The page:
In addition, I inserted another reminder that I’ll be celebrating my ten-year blogging anniversary next month and will be hosting an Ask Me Anything, or AMA, in honor of the occasion. If you would like to participate, you can submit questions to my email address, ramiungar@ramiungarthewriter.com, until 11:59 PM on July 28th. One lucky participant will even win a prize! I look forward to reading and answering your questions.

Anyway, that’s the content of the video. I hope you enjoyed it if you watched it, and I hope the updates were helpful.

I’ll be back later tonight with a review, so I hope you check that out when it’s released. Until next time, my Followers of Fear, good night and pleasant nightmares!

This has been a very busy, crazy day. But so far, it’s been worth it. And this is one of the reasons why!

So, if you didn’t hear, my story “Cressida,” which follows a man who finds out his uncle is keeping a mermaid in his basement, was accepted for publication. It was to appear in the anthology “Into the Deep” from Jazz House Publishing, which is to release on July 20th. And unless you’re a time traveler and stuck in another period of time/space, today’s July 20th! Which mean “Into the Deep” is out!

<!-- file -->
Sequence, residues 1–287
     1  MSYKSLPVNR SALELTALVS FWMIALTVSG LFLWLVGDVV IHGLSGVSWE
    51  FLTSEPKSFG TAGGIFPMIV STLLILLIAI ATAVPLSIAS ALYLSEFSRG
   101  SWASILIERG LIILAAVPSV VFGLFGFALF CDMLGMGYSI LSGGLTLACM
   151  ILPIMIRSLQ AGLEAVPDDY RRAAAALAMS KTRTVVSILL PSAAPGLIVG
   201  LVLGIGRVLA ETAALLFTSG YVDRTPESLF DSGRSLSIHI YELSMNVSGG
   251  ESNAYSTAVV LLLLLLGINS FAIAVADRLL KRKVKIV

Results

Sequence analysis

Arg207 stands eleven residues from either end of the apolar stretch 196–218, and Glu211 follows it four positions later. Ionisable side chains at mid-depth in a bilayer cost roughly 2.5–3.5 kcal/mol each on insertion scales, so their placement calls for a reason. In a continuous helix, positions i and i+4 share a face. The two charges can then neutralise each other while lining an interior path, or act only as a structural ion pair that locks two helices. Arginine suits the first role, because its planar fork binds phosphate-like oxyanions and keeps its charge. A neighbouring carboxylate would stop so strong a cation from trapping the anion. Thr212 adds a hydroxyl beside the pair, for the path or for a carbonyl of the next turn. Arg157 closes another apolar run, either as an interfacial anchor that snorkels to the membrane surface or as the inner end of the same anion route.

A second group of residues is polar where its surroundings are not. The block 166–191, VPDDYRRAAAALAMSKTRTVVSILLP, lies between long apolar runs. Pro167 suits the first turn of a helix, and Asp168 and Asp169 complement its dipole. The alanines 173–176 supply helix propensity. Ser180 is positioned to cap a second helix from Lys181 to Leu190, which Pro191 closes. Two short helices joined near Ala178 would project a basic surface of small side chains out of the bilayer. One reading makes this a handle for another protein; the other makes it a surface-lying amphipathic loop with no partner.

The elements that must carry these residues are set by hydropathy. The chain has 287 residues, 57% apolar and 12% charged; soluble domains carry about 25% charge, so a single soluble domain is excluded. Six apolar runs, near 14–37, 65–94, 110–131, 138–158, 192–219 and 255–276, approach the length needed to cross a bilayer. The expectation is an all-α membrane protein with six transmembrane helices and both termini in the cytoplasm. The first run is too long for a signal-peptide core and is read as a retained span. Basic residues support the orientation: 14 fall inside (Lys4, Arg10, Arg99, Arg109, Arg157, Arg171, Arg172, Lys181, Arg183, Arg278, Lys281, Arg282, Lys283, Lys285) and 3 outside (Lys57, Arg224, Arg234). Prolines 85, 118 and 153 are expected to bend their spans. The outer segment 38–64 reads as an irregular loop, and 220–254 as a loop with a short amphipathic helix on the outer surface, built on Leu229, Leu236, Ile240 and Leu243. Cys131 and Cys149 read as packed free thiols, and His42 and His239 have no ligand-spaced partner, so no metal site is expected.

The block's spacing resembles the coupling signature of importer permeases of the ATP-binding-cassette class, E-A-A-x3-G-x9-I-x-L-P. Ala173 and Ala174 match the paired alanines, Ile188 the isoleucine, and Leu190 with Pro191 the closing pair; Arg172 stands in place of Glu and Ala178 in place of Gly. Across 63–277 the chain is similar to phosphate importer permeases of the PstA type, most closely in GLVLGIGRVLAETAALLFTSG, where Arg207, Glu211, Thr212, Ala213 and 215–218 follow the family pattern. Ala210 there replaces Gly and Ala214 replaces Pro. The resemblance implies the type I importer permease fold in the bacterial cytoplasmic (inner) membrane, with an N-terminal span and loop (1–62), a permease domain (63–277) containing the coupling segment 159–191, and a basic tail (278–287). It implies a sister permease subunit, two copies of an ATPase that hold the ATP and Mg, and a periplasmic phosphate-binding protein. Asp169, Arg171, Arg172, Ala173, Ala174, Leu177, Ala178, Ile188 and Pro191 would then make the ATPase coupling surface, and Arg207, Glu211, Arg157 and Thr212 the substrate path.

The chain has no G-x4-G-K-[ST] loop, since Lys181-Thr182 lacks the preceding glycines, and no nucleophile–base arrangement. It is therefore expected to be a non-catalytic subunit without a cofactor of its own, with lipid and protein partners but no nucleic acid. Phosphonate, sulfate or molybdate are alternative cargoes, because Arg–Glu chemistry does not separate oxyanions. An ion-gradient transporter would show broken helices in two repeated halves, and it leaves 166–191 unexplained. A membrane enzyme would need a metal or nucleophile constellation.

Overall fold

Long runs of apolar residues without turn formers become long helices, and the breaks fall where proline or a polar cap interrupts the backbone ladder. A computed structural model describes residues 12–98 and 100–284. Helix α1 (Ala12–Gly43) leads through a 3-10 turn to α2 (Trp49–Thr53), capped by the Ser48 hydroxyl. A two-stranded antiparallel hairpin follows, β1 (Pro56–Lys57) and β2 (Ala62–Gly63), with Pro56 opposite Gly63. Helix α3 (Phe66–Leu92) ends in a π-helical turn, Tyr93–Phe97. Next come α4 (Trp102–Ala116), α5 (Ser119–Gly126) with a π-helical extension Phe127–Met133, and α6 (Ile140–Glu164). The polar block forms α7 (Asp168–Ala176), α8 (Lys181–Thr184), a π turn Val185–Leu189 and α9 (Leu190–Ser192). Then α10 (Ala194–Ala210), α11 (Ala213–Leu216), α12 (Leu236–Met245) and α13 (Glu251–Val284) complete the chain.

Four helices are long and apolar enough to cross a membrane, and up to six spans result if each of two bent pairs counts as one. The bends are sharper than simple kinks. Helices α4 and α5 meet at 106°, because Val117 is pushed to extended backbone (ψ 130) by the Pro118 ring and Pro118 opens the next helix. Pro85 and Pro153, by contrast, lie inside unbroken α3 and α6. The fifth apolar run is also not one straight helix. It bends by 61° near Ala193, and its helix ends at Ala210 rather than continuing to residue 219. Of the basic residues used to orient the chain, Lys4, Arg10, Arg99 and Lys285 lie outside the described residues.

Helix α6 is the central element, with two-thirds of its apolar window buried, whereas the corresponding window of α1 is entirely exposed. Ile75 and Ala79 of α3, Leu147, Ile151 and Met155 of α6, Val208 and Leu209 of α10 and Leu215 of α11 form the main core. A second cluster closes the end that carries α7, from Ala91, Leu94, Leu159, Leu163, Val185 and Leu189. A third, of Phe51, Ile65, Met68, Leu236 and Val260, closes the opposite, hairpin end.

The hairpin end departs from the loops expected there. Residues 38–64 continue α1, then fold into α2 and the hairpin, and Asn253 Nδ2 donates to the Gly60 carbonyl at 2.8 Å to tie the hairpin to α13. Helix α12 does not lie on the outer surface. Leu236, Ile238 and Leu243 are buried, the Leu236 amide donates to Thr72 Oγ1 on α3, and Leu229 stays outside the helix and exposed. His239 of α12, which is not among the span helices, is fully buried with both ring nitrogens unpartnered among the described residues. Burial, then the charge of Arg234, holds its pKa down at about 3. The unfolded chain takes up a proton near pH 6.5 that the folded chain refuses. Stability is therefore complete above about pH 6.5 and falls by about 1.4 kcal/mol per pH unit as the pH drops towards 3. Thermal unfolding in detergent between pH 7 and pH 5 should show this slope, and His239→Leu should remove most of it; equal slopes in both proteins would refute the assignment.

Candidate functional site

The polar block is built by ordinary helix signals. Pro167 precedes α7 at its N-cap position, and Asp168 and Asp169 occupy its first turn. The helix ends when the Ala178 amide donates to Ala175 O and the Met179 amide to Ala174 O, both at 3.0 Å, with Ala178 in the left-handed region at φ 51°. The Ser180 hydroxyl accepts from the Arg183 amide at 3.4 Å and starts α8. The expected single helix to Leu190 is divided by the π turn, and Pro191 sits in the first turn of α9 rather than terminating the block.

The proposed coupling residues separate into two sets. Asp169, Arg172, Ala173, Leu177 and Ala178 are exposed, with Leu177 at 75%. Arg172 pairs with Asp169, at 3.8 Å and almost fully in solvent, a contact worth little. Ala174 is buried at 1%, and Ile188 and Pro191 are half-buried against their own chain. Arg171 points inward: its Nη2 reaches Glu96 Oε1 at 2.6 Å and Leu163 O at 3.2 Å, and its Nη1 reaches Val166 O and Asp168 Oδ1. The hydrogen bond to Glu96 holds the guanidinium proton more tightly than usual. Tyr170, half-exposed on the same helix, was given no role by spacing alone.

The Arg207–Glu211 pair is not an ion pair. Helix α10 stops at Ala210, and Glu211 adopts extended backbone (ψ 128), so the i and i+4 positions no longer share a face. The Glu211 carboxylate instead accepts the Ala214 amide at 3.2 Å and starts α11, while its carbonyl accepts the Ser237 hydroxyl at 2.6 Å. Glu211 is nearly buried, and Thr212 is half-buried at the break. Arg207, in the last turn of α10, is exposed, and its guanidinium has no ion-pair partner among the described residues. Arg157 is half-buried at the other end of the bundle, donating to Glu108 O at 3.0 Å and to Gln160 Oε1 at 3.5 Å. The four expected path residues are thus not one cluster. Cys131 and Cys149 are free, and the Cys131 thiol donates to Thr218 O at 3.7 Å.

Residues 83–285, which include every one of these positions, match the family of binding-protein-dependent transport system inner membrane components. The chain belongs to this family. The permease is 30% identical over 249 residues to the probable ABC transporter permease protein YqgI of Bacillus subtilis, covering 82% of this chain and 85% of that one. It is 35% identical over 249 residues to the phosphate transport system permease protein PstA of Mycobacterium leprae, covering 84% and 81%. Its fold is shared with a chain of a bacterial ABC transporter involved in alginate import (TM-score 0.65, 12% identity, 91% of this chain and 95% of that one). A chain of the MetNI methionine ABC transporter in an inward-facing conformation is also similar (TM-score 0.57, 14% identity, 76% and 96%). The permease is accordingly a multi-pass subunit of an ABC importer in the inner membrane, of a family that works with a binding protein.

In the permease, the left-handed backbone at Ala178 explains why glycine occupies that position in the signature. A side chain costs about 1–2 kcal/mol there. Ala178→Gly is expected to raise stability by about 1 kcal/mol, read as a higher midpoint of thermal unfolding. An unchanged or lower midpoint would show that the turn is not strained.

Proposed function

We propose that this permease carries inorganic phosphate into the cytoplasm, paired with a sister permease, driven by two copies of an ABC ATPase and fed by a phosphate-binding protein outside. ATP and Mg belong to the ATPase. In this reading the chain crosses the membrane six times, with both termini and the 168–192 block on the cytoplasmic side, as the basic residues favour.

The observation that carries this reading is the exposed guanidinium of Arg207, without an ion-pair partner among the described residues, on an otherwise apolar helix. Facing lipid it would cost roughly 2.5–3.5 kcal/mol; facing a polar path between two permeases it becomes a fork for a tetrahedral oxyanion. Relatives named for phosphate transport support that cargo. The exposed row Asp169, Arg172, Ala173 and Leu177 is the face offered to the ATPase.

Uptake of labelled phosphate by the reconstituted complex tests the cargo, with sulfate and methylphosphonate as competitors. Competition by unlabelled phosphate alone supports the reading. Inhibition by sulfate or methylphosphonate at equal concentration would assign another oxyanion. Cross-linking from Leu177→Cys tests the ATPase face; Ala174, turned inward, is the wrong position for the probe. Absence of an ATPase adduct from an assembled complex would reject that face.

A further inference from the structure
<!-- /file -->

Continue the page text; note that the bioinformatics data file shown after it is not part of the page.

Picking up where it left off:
First off, can we just admire that artwork? I mean, wow! That is so terrifying, that for a horror fan it’s kind of sexy. Kudos to the cover artist!

Second, this looks to be a great collection. There are ten other short stories and novelettes in the anthology, all of them focused on the ocean and the deep blue sea. One is an aquatic retelling of the ballet Giselle (being such a fan of ballet, I’m looking forward to reading it). Another involves a heist in the Marianas Trench. And there are more that I have yet to discover! I’m so excited to get my copy!